Bringing M2M to Fleets, Large and Small

1/7/2013

Fleet management is quickly becoming one of M2M’s fastest growing areas. By tracking both vehicle performance and driver performance, fleet managers are saving money on everything from fuel consumption and maintenance costs to insurance rates. This has been especially true of larger fleets, which have the resources and staff to support vehicle tracking.

However, more recently, smaller fleets have also started to use the technology. Thanks to affordable in-vehicle tracking devices and cloud-based analytic software, companies of all sizes are using fleet telematics, making the technology the rule more than the exception for today’s fleet managers.

Perhaps the biggest indication that fleet telematics is moving mainstream has been the growing number of solutions being offered by big-name carriers. Sprint, www.sprint.com, for example, has been ramping up its M2M fleet solutions under its Emerging Solutions Group. Recently, the carrier partnered with ActSoft, www.actsoft.com, to provide wireless tracking devices for electrical contractor Brooks-Berry-Haynie (BBH). The small 4-in by 4-in tracking device uses a Sprint CDMA modem to provide high-speed wireless connectivity in BBH’s 150 electric utility trucks.


According to Andy O’Kelley, vice president of operations at BBH, the Sprint-Actsoft solution has improved fleet operations, reduced operational costs, and mitigated risk and liability. It even helped the company locate a missing vehicle this past summer.

The Sprint-Actsoft solution relies on a CalAmp 2610 embedded antenna to provide the GPS and other driver behavior and location information to BBH management. Since using the tracking device, BBH says drivers are more productive thanks to geofencing and customized tracking alerts. Other cost-cutting advantages have included a full maintenance system—such as indicating when oil and engine fluid changes and DMV inspections are due—as well speeding parameters, gas consumption, reduction of driver idle time, and other factors that can affect bottomline.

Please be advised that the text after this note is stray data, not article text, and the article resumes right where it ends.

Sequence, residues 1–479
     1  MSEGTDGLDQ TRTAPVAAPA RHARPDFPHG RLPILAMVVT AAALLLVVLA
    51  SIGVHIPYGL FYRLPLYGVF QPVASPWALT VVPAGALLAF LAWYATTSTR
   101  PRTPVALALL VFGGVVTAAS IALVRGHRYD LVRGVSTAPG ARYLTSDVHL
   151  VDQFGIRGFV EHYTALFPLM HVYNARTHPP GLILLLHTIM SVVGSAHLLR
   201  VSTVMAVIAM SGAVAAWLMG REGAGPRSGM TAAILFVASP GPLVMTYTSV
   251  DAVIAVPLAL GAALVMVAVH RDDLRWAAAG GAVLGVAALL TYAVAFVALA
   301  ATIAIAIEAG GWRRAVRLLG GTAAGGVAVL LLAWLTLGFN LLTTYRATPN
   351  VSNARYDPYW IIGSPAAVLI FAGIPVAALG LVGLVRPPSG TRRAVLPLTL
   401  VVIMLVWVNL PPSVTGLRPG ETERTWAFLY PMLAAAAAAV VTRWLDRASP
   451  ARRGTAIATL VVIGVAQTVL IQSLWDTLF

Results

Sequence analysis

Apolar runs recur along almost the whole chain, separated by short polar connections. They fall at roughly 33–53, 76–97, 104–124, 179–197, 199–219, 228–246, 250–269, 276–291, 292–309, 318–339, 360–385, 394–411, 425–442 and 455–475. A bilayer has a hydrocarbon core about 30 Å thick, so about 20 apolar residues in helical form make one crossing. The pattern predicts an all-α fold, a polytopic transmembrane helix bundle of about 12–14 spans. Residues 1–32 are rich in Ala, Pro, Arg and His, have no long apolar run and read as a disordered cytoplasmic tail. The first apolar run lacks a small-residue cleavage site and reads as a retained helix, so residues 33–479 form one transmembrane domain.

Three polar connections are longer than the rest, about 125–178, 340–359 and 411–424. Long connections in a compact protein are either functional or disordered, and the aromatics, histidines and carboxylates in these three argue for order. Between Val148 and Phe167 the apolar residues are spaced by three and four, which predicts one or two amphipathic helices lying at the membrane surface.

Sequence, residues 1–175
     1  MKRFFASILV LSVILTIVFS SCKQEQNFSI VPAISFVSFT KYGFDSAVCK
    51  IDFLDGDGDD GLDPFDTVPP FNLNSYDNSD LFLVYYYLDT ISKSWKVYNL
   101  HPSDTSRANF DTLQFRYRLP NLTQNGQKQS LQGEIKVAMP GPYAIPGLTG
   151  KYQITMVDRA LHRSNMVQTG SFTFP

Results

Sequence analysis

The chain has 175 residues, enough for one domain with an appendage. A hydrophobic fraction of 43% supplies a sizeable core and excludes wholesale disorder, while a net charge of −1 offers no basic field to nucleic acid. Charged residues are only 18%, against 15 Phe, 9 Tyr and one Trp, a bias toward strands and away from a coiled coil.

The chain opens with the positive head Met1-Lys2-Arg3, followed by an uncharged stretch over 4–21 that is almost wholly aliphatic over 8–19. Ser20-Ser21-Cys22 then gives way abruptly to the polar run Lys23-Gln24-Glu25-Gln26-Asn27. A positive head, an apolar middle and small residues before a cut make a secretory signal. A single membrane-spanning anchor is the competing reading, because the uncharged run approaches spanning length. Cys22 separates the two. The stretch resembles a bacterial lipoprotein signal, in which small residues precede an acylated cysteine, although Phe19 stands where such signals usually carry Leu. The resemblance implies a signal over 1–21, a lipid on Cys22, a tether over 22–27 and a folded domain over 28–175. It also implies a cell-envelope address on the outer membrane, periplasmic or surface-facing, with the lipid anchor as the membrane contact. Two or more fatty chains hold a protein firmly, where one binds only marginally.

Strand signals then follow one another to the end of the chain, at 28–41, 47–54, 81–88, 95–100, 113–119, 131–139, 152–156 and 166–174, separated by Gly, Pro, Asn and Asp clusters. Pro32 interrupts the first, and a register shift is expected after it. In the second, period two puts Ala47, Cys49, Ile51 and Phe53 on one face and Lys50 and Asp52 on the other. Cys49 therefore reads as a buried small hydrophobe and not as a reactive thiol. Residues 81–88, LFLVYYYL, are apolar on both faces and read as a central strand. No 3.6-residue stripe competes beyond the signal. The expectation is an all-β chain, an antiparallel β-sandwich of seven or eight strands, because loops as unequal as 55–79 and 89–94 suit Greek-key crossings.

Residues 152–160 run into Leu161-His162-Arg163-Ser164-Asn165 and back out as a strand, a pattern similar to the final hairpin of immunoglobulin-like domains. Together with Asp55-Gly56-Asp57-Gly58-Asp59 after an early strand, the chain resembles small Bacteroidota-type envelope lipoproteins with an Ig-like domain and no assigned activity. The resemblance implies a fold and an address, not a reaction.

Another big name carrier, Verizon Wireless, www.verizon.com, recently announced a new telematics device with M2M partner Wireless Matrix Corp., www.wirelessmatrix.com, called the Reporter 30. It is a plug-and-play OBD-II device certified on the Verizon Network for GPS fleet tracking business applications.

In addition to offering fleet managers critical GPS location data, it also offers additional information such diagnostic trouble codes and data critical to fuel efficiency reporting. The key feature, however, is how the device caters to fleets of all sizes. The direct connection to the vehicle’s on-board computer port eliminates the need for installation services and vehicle wiring, giving smaller fleets the option of self installation. The low price point of the device also reduces the barrier to adoption for smaller fleets.

Maria Izurieta, acting CEO of Wireless Matrix, says partnering with a big name company like Verizon was critical to offering fleet operators the best possible solution. O’Kelley of BBH had similar sentiments about Sprint, adding that its pervious network connection was slow and unreliable.

As more companies continue to see and experience all of the advantages of fleet telematics, one can only expect wireless carriers to form more of these types of M2M partnerships. And that, of course, only means there will be more M2M solutions customized to the specific needs of fleet managers, both big and small.





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